The mediocre? Nowhere to piss. I had to hide behind a ruined monument. You would pay a guard 20 EGP (2 dollars) to open a locked door - but there was no guarantee that there'd be something interesting behind it. The hustlers were supposed to be bad, but I found them to be a minor, almost charming, annoyance.
The bad? Lunch. I ate at a local dingy hole in the wall. The proprietor started piling food in front of me. There was so much chaos and noise all around, and such a mass of shouting people at the cafe, that I couldn't manage to say no, stop, this is enough.
And so I ate eggplants and an egg soufflé and falafel and hummus and a tomato salad, and finally had to order him to stop. I was going to burst, and it was turning into an awkward situation.
Then he brought desert out. No. I begged. I wish I knew how to say "I'm full." Instead, it was la la la shokran no please no thank you for the love of god no. I held his hands and looked into his eyes and tried to get my message across.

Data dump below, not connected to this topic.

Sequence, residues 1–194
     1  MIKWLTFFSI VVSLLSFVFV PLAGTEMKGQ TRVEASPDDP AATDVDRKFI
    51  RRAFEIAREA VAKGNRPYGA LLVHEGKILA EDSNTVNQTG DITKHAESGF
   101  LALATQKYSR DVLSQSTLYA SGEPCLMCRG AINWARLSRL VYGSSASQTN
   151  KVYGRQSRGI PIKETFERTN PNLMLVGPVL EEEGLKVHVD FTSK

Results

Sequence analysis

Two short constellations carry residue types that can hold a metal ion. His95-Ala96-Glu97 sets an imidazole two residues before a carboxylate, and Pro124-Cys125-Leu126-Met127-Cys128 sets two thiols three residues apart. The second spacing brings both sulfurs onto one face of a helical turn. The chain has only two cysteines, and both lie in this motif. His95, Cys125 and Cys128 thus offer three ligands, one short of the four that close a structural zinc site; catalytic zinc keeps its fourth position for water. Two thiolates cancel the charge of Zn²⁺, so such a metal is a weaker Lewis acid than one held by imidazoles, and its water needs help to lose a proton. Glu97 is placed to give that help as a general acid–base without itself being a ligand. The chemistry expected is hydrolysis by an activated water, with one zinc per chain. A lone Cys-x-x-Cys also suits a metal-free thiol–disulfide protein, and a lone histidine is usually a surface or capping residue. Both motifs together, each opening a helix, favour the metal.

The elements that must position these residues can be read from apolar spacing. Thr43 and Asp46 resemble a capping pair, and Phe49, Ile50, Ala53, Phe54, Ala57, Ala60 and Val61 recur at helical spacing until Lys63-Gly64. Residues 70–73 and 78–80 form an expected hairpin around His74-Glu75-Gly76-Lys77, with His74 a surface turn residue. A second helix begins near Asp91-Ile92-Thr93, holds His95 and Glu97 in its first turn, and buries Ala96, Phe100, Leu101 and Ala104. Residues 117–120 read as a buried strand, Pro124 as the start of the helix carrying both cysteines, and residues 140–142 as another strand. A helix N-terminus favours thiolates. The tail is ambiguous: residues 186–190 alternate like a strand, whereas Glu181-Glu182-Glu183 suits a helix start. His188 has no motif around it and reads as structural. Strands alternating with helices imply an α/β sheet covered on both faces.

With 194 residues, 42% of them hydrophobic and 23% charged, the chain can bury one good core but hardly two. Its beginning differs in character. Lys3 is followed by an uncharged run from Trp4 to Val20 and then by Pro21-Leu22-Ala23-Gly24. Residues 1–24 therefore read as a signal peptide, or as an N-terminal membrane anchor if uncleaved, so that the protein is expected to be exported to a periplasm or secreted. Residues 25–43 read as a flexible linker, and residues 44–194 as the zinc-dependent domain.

No luck. He force fed me. No shit, and no exaggeration - he took the spoon and forced it in my mouth.
I was laughing. It was all a bit surreal, being force-fed by a mad chef in a medieval city. Then he gave me the bill.
By American standards, it was slightly over-priced. By Egyptian standards? Ten to twenty times what the cost should have been.
So no more laughing. They got me. Me and the King of Mali. I paid, left the shop, put on my shades, and hit the streets with a new attitude.
One upshot of all this was, I wasn't scared of the traffic anymore. Once outside the quarter I was walking across the street with the best of them.
I'm determined to get the better of this City. It feels like a competition.
Tomorrow - I've hired a driver to take me to the pyramid fields at Dahshur and the Necropolis at Saqqara. "These are not tourist," he told me. "You like Giza better, yes?"
But I'm sticking with Plan A.